Sandwiches in Waxed Paper-German School Lunch in an American Cafeteria
The school cafeteria in the 1970’s was one place where I always felt different from everyone else. Mom packed my school lunch for me almost every day, and I loved these lunches, but it’s amazing how different mine were from the kids around me.
You see, although I had a Scooby Doo lunchbox like the other kids, the contents were worlds apart.
The other kids opened their lunchbox and pulled out clear ziplock baggies containing a sandwich made from Peanut Butter and Jelly on Wonder bread (maybe with the crusts cut off) , next to this would be a bag of Potato chips (also in a ziplock) or a Twinkie (in it’s cellophane wrapping), and maybe an apple or orange. It all looked so neatly packaged; square sandwich in a square bag, cake made in a factory, fruit… nice.
Is Your Bread BURNT??
Then I’d pull out mine. Thuringer Salami or Gelbwurst on dark crusted rye bread spread with butter, and wrapped in waxed paper. There would be piece of cake or cookies home made from mom’s kitchen, or German Lebkuchen from a package that Opa sent; and fruit, of course (mostly citrus… because of dad’s work). On the best days, there was a thermos filled with leftover Eintopf (soup or stew). Bohnen Eintopf, Graupen Suppe, Goulasch Suppe (Green Bean Soup, Barley Soup, Goulash Soup).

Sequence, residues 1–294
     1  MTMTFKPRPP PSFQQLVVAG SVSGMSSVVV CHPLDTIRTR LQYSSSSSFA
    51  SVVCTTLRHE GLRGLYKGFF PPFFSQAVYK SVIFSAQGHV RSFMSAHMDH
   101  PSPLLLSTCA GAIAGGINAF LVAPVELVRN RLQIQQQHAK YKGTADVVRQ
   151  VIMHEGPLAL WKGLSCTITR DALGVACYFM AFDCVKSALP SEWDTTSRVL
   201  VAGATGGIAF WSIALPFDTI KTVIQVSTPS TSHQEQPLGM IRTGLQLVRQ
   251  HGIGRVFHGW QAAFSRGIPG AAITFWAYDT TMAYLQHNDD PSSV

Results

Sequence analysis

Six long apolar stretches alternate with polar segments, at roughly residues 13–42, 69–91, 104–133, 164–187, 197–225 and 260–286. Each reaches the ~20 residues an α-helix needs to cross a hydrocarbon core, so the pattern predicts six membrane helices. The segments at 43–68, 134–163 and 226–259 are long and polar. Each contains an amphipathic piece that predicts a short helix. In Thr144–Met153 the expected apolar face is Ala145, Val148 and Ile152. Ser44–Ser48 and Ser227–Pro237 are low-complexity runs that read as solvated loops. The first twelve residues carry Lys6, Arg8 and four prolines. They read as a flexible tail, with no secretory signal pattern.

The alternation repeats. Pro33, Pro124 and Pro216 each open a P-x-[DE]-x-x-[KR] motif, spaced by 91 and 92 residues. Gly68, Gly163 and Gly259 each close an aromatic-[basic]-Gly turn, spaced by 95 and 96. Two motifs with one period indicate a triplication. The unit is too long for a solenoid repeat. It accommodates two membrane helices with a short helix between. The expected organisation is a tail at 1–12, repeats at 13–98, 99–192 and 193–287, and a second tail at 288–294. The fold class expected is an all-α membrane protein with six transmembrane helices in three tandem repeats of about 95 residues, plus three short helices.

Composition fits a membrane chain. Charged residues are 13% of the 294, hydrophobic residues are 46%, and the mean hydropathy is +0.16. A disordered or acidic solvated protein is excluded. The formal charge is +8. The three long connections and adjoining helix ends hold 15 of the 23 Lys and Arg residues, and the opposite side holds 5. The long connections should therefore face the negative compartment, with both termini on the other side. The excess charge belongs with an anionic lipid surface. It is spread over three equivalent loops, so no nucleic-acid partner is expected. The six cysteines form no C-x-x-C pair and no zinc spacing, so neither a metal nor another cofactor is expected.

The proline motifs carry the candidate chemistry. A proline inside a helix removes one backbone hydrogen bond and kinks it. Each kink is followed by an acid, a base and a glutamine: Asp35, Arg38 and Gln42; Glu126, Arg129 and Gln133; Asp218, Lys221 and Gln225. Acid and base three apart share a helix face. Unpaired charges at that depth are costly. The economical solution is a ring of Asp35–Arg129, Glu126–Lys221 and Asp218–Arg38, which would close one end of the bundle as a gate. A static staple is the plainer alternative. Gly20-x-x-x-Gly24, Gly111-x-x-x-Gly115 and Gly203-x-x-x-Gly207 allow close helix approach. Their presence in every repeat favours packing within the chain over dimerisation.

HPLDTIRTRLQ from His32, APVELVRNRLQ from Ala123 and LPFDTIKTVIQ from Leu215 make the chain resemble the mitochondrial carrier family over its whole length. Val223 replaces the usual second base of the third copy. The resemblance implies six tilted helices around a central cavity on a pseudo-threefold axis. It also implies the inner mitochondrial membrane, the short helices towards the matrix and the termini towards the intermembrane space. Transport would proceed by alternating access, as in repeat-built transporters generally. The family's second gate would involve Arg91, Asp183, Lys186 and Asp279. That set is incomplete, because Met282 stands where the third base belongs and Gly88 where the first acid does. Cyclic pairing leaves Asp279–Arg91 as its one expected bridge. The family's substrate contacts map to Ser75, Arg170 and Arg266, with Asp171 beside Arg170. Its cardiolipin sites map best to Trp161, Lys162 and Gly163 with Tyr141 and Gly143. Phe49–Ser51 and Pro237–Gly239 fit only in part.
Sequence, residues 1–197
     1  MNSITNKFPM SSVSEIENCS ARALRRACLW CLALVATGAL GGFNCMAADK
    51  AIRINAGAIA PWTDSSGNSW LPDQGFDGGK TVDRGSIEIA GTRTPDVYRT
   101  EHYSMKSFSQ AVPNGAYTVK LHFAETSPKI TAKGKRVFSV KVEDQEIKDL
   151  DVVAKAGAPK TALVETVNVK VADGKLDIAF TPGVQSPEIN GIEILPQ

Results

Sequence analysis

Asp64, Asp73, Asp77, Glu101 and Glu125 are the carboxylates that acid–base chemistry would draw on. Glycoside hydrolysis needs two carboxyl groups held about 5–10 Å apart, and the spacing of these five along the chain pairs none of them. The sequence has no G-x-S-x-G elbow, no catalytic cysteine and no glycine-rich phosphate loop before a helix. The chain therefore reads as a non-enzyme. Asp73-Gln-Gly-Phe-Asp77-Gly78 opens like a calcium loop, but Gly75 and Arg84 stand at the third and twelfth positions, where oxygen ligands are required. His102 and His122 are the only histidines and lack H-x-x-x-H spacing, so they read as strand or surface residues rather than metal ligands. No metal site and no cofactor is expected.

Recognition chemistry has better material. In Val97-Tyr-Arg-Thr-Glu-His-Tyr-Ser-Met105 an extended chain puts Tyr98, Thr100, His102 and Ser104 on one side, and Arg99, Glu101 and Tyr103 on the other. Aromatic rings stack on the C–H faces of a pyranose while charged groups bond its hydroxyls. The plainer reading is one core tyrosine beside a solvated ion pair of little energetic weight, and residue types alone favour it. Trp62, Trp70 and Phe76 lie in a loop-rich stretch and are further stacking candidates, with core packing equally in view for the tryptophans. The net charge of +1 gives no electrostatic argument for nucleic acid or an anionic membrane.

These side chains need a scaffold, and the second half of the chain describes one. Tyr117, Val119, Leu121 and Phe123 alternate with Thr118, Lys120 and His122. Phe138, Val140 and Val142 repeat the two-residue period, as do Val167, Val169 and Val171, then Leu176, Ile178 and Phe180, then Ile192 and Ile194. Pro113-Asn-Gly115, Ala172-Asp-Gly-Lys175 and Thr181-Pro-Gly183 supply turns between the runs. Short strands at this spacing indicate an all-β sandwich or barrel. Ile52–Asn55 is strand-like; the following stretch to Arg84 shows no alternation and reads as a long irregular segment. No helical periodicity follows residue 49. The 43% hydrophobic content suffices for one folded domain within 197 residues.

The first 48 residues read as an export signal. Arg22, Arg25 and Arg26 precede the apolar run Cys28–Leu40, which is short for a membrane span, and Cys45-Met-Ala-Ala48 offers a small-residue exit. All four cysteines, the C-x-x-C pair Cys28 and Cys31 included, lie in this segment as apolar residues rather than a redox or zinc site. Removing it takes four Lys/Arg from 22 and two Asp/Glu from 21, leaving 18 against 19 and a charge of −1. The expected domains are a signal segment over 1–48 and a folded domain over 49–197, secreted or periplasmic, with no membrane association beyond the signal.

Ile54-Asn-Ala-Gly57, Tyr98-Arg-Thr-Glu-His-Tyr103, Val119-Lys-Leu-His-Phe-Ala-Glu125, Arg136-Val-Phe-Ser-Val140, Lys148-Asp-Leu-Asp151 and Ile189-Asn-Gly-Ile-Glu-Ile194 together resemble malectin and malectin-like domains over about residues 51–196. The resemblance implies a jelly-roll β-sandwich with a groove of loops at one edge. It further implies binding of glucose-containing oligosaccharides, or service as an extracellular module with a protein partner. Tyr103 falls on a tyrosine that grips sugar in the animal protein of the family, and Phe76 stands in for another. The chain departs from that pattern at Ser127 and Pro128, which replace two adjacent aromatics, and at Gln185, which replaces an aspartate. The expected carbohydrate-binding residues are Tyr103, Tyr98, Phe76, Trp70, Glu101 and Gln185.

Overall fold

The other kids would stare… and someone would always say “WHAT’S THAT?” and “why is your bread burned??”
Everyone else would be trading, but they thought my food looked too weird.
And BUTTER on the sandwiches instead of Mayo? Kids were confused.
I loved my sandwiches in waxed paper, and I really loved mom’s Eintopf, so it wasn’t so bad to not share.
I was curious though. (Who wouldn’t be?) At the front of our cafeteria was a box for extras. ( In those days you didn’t waste food by throwing it away, the Cafeteria ladies would watch!) If there was a sandwich or fruit you didn’t want to eat… you put it in the box, and if you were hungry, you could take something out. I remember sometimes taking one of these exotic sandwiches out to try….things like Oscar Meyer Bologna or Peanut Butter and banana on squishy bread.
I even convinced mom to buy American bologna (never could convince her to make the sandwich with mustard instead of butter though…)
Times Change, Sandwiches Stay the Same
It’s funny though how things change. When my kids were small, we lived near San Francisco, where the food revolution made “artisan” breads “gourmet”. Charcuterie shops sell specialty cold cuts that look an awful lot like what my mom would feed us all those years ago.
The only difference…. I don’t use waxed paper anymore…. Maybe I should.
Find Lunch Supplies to make Sandwiches in waxed paper HERE….